Diffusion Entropic Analysis to model natural complex time series vs CSI
|May 2, 2009||Posted by DLH under Comp. Sci. / Eng., Global Warming, Intelligent Design, Laws, Science|
Nicola Scafetta has demonstrated that Diffusion Entropic Analysis can identify physical phenomena underlying complex time series, including non-Gaussian Levy and other series. This appears an important development in detecting complex physical phenomena resulting in time series measurements.
Scafetta’s work promises to be important in detecting and distinguishing Complex Specified Information from natural complex phenomena. e.g. for Jill Tarter of SETI to detect and distinguish extra terrestrial communications from complex natural phenomena.
The power of this method is shown in Scafetta’s application of this DEA method to detecting complex correlations between solar activity and earth’s climate. See: Nicola Scafetta and Bruce J. West, “Is climate sensitive to solar variability?” Physics Today, 3 50-51 (2008).
See also his 2009 EPA presentation: “Climate Change and Its causes: A Discussion about Some Key Issues” N. Scafetta. Invited author at the U. S. Environmental Protection Agency, DC USA, February 26, 2009.
Scafetta’s Presentation Slides
From the sun’s rotation around the solar system’s center of mass, Scafetta has developed a model that appears to identify the solar signature in climate. See Slide 66 of his Presentation slides.
This explains the 1910-1945 warming and implies that about 70% of the observed warming from 1975 to 2002 was part of this natural climate cycle during its warm phase.
There is also a very interesting 60 year correlation between this motion of the Sun and the Earth’s “Length Of Day”. See Scafetta’s Slide 67, and Mazzarella, Solar Forcing of Changes in Atmospheric Circulation and Earth’s Rotation and Climate”, The Open Atmospheric Science Journal 2008, 2, 181-184
For those concerned that anthropogenic CO2 is not receiving its justified weighting, Douglass and Christy have examined recent temperature trends to distinguish the expected linear CO2 signature from other phenomena. See: Limits on CO2 Climate Forcing from Recent Temperature Data of Earth” David H. Douglass, John R. Christy Energy & Environment, Volume 20, Numbers 1-2, January 2009 , pp. 177-189(13).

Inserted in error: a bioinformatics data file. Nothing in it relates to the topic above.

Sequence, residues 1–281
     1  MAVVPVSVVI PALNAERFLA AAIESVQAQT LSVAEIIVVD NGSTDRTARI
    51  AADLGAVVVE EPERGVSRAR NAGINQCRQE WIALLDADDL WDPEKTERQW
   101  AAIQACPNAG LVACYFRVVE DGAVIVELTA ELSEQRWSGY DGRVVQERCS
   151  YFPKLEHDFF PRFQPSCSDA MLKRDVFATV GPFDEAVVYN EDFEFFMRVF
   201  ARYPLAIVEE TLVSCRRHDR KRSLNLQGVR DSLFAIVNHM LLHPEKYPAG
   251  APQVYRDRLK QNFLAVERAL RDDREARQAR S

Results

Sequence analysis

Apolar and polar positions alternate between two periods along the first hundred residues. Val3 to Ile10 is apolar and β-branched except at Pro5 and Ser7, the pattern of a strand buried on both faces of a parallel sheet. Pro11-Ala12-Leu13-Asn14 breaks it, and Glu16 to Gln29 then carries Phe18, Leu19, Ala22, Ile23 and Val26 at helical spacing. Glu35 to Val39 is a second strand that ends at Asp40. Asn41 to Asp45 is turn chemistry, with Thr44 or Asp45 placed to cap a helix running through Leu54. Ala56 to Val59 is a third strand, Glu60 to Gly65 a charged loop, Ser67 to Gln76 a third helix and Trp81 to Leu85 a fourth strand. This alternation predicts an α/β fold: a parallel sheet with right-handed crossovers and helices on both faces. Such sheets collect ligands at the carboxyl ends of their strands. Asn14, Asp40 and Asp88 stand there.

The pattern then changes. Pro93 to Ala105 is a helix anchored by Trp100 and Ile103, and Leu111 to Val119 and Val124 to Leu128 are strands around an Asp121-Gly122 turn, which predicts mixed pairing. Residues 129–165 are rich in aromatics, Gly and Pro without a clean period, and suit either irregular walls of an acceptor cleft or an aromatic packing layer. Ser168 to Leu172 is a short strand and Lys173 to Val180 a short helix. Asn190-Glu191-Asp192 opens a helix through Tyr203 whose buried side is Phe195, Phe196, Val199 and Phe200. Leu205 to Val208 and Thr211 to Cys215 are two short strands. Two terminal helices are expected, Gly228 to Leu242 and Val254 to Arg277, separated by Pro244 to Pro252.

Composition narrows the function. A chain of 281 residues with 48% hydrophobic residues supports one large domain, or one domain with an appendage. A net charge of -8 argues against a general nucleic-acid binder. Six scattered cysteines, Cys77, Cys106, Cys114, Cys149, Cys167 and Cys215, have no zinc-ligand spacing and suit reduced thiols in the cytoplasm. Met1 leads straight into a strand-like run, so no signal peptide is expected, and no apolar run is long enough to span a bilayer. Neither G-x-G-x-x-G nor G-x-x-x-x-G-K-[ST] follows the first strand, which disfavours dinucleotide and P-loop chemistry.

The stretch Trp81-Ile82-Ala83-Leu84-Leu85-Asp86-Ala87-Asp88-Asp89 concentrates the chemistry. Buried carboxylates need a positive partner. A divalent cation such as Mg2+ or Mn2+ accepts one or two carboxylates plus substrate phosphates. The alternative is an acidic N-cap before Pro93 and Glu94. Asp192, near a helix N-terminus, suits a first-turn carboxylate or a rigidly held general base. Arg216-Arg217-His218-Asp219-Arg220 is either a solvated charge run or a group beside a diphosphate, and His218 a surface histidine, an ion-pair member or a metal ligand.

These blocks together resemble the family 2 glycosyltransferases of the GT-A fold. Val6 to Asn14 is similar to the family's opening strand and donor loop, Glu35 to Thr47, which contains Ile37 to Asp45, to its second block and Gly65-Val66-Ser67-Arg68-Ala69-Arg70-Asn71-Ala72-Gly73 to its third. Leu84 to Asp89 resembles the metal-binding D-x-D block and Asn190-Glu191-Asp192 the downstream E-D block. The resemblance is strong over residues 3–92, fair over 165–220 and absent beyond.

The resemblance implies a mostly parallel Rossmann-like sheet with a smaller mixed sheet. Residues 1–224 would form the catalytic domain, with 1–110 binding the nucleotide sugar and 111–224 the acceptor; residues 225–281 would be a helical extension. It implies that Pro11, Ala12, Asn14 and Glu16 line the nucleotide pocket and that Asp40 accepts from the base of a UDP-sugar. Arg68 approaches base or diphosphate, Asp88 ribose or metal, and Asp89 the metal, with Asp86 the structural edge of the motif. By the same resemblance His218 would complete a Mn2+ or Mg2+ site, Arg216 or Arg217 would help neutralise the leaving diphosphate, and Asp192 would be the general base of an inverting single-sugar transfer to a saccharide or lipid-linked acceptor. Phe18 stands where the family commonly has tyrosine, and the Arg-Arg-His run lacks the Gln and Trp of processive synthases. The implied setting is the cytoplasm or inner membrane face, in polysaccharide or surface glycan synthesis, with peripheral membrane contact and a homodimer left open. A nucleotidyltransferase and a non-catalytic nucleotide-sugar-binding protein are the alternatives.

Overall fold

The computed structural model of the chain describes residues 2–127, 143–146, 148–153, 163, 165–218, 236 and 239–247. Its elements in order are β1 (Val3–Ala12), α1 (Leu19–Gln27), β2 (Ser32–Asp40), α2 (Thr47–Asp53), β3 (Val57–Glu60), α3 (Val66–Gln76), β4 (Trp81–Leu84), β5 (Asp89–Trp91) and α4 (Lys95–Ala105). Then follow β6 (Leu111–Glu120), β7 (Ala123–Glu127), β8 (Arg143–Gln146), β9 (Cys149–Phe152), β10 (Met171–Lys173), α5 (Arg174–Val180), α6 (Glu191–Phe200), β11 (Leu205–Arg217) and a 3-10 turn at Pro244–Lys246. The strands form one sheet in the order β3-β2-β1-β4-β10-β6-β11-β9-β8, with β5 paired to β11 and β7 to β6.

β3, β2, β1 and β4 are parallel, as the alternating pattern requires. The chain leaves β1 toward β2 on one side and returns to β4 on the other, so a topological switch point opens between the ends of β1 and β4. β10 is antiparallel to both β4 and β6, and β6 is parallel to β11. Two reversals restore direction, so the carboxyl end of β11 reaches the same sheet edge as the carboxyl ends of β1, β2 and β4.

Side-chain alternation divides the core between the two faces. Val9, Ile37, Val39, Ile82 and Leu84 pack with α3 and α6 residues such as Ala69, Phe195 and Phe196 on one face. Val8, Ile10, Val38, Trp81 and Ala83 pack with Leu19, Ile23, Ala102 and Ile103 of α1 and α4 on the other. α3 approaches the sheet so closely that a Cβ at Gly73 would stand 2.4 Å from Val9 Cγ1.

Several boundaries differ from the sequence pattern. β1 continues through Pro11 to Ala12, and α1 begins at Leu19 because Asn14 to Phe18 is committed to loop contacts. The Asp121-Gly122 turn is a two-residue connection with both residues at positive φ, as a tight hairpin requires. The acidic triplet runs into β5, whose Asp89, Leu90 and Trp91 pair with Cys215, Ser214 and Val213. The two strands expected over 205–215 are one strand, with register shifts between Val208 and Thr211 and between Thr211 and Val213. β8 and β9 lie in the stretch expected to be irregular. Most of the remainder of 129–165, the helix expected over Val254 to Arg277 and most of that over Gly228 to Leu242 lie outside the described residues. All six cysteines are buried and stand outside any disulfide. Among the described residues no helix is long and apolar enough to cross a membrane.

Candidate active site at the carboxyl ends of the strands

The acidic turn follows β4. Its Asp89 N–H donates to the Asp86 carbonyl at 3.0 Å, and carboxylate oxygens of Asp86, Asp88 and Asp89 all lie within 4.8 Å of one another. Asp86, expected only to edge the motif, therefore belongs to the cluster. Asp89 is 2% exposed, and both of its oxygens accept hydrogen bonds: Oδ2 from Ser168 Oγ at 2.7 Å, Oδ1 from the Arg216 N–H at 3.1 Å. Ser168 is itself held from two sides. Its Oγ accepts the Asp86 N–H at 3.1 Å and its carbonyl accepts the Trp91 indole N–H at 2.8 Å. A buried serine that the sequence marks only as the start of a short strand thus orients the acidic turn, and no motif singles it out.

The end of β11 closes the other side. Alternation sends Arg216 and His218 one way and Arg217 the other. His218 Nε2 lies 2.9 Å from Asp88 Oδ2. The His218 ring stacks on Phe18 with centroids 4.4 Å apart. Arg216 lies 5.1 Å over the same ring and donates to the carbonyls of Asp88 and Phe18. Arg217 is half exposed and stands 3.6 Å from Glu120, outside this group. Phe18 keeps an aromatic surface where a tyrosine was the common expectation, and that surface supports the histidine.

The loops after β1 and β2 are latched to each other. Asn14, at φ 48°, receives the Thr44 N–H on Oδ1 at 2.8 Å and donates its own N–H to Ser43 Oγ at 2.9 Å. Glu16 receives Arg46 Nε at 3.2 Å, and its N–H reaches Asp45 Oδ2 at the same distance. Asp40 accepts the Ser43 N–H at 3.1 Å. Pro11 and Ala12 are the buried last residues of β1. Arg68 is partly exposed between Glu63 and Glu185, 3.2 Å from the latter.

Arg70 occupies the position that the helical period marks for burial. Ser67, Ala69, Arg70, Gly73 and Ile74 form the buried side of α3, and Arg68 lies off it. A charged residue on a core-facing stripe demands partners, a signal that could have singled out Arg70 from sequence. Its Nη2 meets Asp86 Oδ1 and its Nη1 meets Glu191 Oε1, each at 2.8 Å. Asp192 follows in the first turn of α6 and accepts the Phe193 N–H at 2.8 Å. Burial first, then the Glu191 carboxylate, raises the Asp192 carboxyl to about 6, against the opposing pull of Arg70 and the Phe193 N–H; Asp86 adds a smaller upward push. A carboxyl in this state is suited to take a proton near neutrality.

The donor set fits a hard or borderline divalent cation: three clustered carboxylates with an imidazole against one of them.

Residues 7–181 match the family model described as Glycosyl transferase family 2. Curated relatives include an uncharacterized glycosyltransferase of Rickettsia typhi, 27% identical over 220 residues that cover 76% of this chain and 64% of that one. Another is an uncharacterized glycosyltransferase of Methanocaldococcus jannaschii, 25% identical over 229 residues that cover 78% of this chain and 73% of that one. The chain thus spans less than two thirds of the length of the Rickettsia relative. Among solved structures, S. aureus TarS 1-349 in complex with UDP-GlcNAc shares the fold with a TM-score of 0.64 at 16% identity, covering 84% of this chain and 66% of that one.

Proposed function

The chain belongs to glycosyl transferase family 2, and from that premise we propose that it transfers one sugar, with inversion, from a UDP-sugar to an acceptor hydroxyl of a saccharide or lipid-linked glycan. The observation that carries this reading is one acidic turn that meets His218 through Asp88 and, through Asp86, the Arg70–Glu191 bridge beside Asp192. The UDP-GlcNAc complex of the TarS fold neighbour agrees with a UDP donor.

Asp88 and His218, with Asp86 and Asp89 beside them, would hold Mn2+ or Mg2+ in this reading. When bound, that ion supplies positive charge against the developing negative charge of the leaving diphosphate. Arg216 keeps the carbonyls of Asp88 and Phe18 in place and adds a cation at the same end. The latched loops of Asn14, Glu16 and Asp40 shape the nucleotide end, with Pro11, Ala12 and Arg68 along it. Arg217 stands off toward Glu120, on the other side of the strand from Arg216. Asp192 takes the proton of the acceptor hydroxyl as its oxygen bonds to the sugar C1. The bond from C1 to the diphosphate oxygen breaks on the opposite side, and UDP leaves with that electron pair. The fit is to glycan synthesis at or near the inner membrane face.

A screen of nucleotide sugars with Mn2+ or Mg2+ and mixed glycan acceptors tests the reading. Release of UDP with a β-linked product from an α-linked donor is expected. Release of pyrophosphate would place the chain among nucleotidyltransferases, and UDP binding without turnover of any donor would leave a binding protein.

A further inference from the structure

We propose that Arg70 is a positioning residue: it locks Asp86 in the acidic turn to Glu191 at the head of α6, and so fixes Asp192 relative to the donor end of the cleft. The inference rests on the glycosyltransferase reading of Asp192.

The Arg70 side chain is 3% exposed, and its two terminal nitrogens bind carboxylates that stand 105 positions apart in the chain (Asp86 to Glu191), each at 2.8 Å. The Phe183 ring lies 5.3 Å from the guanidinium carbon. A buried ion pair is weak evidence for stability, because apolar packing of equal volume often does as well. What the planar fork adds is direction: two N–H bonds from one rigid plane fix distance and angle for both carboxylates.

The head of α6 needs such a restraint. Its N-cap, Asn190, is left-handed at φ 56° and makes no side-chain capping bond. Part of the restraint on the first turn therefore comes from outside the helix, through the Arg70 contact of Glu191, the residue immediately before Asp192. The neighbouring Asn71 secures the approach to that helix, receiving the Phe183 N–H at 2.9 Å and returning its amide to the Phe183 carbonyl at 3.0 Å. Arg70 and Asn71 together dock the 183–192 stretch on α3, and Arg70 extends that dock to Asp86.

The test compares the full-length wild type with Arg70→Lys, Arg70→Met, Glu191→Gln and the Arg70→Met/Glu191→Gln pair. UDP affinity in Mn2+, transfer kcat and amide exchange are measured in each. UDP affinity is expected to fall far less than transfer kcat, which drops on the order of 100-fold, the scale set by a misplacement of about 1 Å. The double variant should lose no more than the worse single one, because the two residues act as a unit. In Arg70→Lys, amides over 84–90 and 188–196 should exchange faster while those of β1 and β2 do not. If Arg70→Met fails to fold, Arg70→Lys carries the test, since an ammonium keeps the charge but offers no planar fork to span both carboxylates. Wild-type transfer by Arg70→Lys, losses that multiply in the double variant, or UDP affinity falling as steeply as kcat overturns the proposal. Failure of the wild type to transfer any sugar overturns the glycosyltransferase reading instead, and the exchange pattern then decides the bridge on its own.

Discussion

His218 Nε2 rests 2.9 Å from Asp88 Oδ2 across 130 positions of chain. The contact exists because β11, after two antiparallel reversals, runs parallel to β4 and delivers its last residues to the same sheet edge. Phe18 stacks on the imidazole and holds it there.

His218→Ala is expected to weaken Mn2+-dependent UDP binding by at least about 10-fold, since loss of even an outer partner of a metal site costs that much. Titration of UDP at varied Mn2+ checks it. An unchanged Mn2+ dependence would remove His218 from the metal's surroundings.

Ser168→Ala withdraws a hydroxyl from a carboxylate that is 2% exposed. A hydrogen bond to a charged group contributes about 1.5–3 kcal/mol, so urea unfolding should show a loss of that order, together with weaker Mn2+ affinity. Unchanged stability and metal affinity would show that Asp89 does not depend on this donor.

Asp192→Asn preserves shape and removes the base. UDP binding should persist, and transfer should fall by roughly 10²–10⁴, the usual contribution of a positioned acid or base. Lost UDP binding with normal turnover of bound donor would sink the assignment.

“The trend expected from CO2 climate forcing is 0.070g ºC/decade, where g is the gain due to any feedback. If the underlying trend is due to CO2 then g~1. Models giving values of g greater than 1 would need a negative climate forcing to partially cancel that from CO2. This negative forcing cannot be from aerosols.”
(PS The expected CO2 signature is linear as being the log of an exponentially increasing concentration.)
Nicola Scafetta, Dissertation: An entropic approach to the analysis of time series.
Statistical analysis of time series. With compelling arguments we show that the Diffusion Entropy Analysis (DEA) is the only method of the literature of the Science of Complexity that correctly determines the scaling hidden within a time series reflecting a Complex Process.
The time series is thought of as a source of fluctuations, and the DEA is based on the Shannon entropy of the diffusion process generated by these fluctuations. All traditional methods of scaling analysis, instead, are based on the variance of this diffusion process. The variance methods detect the real scaling only if the Gaussian assumption holds true. We call H the scaling exponent detected by the variance methods and d the real scaling exponent. If the time series is characterized by Fractional Brownian Motion, we have H¹d and the scaling can be safely determined, in this case, by using the variance methods. If, on the contrary, the time series is characterized, for example, by Lévy statistics, H ¹ d and the variance methods cannot be used to detect the true scaling. Lévy walk yields the relation d=1/(3-2H). In the case of Lévy flights, the variance diverges and the exponent H cannot be determined, whereas the scaling d exists and can be established by using the DEA. Therefore, only the joint use of two different scaling analysis methods, the variance scaling analysis and the DEA, can assess the real nature, Gauss or Lévy or something else, of a time series. Moreover, the DEA determines the information content, under the form of Shannon entropy, or of any other convenient entopic indicator, at each time step of the process that, given a sufficiently large number of data, is expected to become diffusion with scaling. This makes it possible to study the regime of transition from dynamics to thermodynamics, non-stationary regimes, and the saturation regime as well.
First of all, the efficiency of the DEA is proved with theoretical arguments and with numerical work on artificial sequences. Then we apply the DEA to three different sets of real data, Genome sequences, hard x-ray solar flare waiting times and sequences of sociological interest. In all these cases the DEA makes new properties, overlooked by the standard method of analysis, emerge.
University of North Texas, 2001.